Building FreshTomato

Discussion in 'Tomato Firmware' started by Cold Winter, Aug 30, 2018.

  1. Cold Winter

    Cold Winter Networkin' Nut Member

    At the risk of seeming dense, I'm looking at the git repo
    and wondering where the top level makefile is situated.

    I'm studying the process to see if this can be built under
    an Arch Linux system... just for the challenge.

    Is there a more detailed build process doc somewhere?
     
  2. koitsu

    koitsu Network Guru Member

    1. Are the literal step-by-step-with-commands instructions in README.md not sufficient? They're literally the best walk-through I've seen outside of what I wrote years ago for building Toastman (I've since taken down my blog so that info is gone). You have to read them slowly and carefully, but they're crystal clear:

    ARM: https://bitbucket.org/kille72/freshtomato-arm/src
    MIPS: https://bitbucket.org/pedro311/freshtomato-mips/src

    Or is all of that working for you and you're trying to figure out "where" to run make from? If so, what you need to know is this (for ARM. For MIPS, you want directory release/src-rt IIRC):

    cd release/src-rt-6.x.4708
    make {buildtype}


    {buildtype} is the type of firmware you want. Try make help else review the Makefile to get a list.

    Your firmware(s) will end up in the image/ directory.

    There are arguments V1 and V2 you can give make (ex. make V1=foo V2=bar {buildtype}) that will get auto-populated into the firmware itself as well as the filename. You'll need to experiment with these, as I believe they're different in FreshTomato (or Shibby?) than in Toastman.

    Your PATH being correct is probably the most important thing. Do not try to move directories around (ex. the /opt situation, symlinks, etc.); you must comply with the pathname convention. A lot of this is Broadcom's fault, not Tomato.

    You're also going to need to know that you quite often will need to "start over from scratch" when building the firmware if something goes awry. This doesn't mean reinstalling the OS, this means making sure the entire git directory structure is clean/pristine -- all object files/etc. are stored within the repo itself. make clean or make distclean will not clean things up or come even close. This is just how Tomato is. How to clean things out properly (verify with git status after!) to make sure your next make attempt is from the ground up:

    git reset --hard && git clean -dxf

    2. You are going to run into major packaging complications using ArchLinux, I can promise you that. They don't provide the exact same versions of necessary toolchain and build software (particularly GNU autotools) as others. I've discussed in the past in detail major issues with trying to use distros other than what the maintainers use (Debian 9.x 64-bit). The reason I was using Mint, BTW, was because that's what Toastman firmware is built with.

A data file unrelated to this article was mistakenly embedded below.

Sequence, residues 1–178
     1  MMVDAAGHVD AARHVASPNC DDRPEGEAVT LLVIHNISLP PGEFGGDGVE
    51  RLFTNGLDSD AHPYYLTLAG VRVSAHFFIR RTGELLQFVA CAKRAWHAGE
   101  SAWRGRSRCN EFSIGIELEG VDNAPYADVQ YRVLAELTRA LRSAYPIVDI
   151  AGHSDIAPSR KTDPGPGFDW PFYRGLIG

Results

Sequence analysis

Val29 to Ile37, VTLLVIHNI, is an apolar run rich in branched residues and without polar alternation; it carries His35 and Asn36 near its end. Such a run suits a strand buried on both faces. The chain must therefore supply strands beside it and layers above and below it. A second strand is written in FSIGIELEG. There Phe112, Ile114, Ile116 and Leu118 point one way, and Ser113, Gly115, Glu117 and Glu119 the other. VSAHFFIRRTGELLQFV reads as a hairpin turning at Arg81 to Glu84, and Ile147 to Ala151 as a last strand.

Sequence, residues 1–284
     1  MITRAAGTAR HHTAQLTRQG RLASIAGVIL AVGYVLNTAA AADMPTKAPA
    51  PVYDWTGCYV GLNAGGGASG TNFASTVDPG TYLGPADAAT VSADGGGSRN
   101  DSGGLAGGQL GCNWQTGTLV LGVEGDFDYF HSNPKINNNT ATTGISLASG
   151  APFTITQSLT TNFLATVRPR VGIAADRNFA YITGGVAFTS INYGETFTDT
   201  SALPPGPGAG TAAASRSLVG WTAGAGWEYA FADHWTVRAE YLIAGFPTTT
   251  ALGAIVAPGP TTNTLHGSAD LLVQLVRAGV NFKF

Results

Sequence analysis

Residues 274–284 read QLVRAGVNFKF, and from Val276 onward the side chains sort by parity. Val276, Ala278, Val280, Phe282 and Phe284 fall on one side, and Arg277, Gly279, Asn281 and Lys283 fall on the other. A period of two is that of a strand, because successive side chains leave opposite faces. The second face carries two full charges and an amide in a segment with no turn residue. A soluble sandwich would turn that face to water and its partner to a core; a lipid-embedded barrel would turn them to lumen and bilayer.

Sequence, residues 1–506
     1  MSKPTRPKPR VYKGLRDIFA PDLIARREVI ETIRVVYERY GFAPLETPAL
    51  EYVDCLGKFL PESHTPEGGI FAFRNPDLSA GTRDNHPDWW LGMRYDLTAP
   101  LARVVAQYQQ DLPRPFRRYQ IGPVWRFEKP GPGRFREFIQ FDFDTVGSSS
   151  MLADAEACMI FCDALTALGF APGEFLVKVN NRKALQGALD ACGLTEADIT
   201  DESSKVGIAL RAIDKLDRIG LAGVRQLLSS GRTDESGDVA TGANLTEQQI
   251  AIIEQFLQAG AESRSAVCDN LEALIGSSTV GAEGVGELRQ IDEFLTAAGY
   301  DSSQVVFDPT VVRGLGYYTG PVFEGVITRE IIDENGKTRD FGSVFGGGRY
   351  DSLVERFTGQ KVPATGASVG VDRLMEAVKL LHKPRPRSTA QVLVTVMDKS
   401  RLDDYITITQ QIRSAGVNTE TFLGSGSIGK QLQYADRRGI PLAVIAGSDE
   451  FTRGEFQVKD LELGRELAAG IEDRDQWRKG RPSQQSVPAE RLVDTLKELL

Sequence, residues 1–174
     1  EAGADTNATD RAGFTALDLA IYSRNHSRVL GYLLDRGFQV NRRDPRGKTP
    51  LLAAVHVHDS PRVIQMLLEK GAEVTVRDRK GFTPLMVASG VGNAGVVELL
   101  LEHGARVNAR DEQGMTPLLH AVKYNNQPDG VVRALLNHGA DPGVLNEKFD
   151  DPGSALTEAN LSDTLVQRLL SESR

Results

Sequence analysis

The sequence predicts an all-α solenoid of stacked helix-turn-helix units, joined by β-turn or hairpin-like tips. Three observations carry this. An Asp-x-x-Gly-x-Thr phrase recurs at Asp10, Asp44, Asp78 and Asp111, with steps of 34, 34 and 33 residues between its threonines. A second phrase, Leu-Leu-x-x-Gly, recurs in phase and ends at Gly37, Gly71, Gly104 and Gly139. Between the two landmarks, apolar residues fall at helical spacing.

As such, you should use the exact OS/distro, version, and architecture -- all 3 are VERY important! -- mentioned in README.md to guarantee success. This isn't so much the fault of Tomato as it is the fault of the distros, packages, and GNU autotools.

    If you don't want to reinstall your OS then use a VM (ex. VirtualBox, VMware Workstation), or consider paying a small amount of money per month for a service like Linode to get such a machine.

    If despite these warnings you still want to give it a shot anyway, great. But you are on your own to troubleshoot and analyse any problems (the thread I linked is proof of the skill set depth you're going to need; the patch_files stuff that's unique to FreshTomato is a good example), and solve them in a way that continues works on the distro used per the README.md, if you wish to contribute your work back upstream.

    This sounds a bit brash/harsh, but you're going to be expected to review the Makefile (and things they include), their targets, etc. to try and figure out what does what. It's not documented and there's basically no comments anywhere, so reverse-engineering everything is pretty much par for the course every step of the way.

    Welcome to present-day Linux where nothing is consistent! :)
     
    Last edited: Aug 30, 2018
    AndreDVJ likes this.
  3. moffa

    moffa Networkin' Nut Member

    The problem you will have is that arch being a rolling distro will use a newer version of gcc. With gcc 7, you get a bunch of errors that you have to work your way through. It's a pretty big headache and I don't recommend it.
     
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